A tourist couple passes by a group of Pakistani migrants sleeping on the floor of an empty parking lot in the southern touristic resort town of Bodrum, Turkey. Photo by Bikem Ekberzade 29/06/2015

A tourist couple passes by a group of Pakistani migrants sleeping on the floor of an empty parking lot in the southern touristic resort town of Bodrum, Turkey. Photo by Bikem Ekberzade 29/06/2015

Part I: In Limbo

Naime is from Aleppo. She is in her sixties, outspoken, warm. She reasons her fluency in Turkish to her Turkoman roots. Her husband is a little older than her, and hosts a gentle yet worn out expression. He is timid, yet kind. But Naime, she is a survivor. And as she sits with her family underneath the palm trees planted for shade along the boardwalk in the touristic southern city of Bodrum, she is defiant: “we just need them (the government) to show us a plot. We are farmers. We will tend to the land, and the land will provide for us. It always has. We don’t need anything else. But do not let them send us back. There is nothing but death back home. They will kill us. And do not let them send us back to the camps either. There is nothing but disease and death there. People are dying everyday in those camps.”

As I sit on the freshly moved lawn, with my back to some of the most luxurious tour boats waiting to take tourist groups for a sail in the deep turquoise waters of the Aegean, I listen to Mustafa’s story of plight, full with sand, dust, the desert, war, desperation, disease and death. Mustafa is one of Naime’s three sons. His wife Melissa is a gentle young woman, outspoken, beautiful. Of their two children the small one has a fever, but the family, having given all their money to the human traffickers that deposited them to the shores of Bodrum, have no money left to buy him medicine. “The locals help, they help a lot. They give us food, different people, they bring us food everyday. But we want to leave and go to Istanbul. If we can find the money for the bus tickets, we will go today. We have relatives in the city. They will help us, ” tells Mustafa. He says he irons clothes. That is what he did back when they had a home, a life in Aleppo. Now their house is destroyed. Their fields of wheat burnt by fighters of either factions. “There is nothing for us in Syria anymore. If we can just get to Istanbul, we will be fine.” He says he will find a job at a dry cleaners. Naime dreams of renting a small shop where Mustafa can work and bring food to the table.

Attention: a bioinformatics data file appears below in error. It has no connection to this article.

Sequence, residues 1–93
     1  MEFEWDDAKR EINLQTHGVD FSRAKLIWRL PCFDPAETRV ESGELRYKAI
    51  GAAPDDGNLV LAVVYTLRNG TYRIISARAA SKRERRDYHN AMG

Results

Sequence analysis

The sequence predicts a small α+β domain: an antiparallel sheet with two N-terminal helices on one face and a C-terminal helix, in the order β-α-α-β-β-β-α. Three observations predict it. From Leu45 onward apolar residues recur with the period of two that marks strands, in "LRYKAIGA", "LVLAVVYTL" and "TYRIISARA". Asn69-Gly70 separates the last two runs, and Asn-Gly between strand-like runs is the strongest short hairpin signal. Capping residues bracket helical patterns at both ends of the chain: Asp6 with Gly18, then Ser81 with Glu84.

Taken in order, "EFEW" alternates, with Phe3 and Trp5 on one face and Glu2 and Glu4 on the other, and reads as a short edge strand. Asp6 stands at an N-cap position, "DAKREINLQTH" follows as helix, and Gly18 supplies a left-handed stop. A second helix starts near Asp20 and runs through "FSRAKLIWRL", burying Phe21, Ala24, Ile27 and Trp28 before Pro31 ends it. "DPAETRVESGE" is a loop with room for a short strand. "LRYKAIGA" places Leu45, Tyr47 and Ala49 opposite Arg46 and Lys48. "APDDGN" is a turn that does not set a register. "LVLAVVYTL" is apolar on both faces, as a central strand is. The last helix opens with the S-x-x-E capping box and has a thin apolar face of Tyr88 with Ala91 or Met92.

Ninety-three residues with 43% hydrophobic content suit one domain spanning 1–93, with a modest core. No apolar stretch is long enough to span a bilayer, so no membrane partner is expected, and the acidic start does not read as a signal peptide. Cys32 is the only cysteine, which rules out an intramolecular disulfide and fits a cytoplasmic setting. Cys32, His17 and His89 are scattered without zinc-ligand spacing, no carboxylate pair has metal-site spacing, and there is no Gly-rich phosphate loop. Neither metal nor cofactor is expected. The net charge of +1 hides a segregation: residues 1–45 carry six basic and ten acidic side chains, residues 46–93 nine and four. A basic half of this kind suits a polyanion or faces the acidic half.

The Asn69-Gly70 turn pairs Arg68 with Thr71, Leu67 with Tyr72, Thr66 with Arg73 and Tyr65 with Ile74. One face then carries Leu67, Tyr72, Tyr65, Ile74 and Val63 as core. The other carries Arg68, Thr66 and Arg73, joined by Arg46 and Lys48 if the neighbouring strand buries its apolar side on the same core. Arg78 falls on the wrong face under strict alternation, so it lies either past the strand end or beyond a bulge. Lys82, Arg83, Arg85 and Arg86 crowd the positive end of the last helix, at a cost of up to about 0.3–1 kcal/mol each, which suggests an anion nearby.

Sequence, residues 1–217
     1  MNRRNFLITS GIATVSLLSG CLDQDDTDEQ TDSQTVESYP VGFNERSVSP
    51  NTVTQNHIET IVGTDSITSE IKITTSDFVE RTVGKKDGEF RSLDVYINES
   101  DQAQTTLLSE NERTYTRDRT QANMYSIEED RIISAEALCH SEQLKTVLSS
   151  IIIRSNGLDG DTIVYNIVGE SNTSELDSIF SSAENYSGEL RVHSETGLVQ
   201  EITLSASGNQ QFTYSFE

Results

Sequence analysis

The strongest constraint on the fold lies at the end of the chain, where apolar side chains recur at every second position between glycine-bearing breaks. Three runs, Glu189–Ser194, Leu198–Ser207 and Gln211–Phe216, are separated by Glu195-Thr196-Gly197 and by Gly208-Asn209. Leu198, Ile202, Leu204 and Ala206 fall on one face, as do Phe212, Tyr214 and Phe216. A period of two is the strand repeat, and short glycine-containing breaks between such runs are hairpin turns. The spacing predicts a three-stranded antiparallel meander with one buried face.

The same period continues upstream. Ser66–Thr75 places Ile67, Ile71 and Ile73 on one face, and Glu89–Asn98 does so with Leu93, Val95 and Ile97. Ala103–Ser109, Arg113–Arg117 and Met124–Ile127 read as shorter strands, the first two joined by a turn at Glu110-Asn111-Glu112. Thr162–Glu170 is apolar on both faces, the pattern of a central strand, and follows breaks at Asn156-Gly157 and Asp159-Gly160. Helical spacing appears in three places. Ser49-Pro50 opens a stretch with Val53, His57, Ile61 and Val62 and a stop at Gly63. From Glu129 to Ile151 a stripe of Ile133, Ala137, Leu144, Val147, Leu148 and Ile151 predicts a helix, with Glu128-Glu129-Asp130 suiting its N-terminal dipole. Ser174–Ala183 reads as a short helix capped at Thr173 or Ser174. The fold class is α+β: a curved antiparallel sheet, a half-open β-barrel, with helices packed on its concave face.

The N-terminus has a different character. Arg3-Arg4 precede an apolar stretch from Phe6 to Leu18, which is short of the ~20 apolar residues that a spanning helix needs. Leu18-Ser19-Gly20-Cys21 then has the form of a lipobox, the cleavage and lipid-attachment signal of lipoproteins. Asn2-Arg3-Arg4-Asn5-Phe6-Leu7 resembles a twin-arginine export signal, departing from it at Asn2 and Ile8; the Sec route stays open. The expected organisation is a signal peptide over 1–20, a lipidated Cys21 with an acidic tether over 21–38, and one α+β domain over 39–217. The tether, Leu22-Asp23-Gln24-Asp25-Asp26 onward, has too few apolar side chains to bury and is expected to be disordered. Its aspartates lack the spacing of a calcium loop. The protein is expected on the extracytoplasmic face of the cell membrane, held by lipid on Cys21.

The problem is they won’t be fine in Istanbul, they will probably be worse than they already are here. At least in Bodrum, a quaint coastal town, with a relatively small local population, kind, generous, they have food. Unlike the torrential rains of the North at this time of the year, the big-city-police-round ups, the impersonal local officials and city folk; Bodrum municipality, upon pressure from local shop owners showed them a temporary shelter: an elementary school building, empty during the summer holidays. There are even rumors of a civilian initiative to provide temporary shelter to the growing number of refugees and migrants unusually showing up in Bodrum. But in the big city? Istanbul is already packed with Syrian families desperately begging in the streets. The city is unwelcoming for the poor let alone a refugee family with no money. There are few NGOs that are under backbreaking stress from the multitude of refugees who end up at their doorsteps fleeing from wars in Sudan, CAR, Afghanistan, and human rights abuses in numerous autocratic societies. Financiers are limited if any, and volunteers are no where enough. One more family showing at their doorsteps is going to be exactly that: just one more family. A mere statistic.

As we continue to chat, Naime’s husband beckons me over, silently. He points to my camera and says apologetically: “do not take our picture, please. Do not give us to the papers, if they see us, if they see our name, that will be our death sentence.” I promise them I will not take their picture. I also promise them that their family name will be safe with me. Right around then a woman stops by the family, asks the family whether or not they are done. Naime smiles, hands her an empty bowl, and thanks her, “yes we are.” The woman takes the bowl and tugging at the leash of her dog sniffing Mustafa curiously, trots off.

I bid them a temporary goodbye. I take down Mustafa’s phone number before I leave. The ten digit number is a tentative connection, a fragile and transient bond between me and them. And maybe one day soon, in that jungle of a city called Istanbul, we will meet again.


One thought on “Invisible

  1. Pingback: Legal Trouble Vol. I | The Virtual Story

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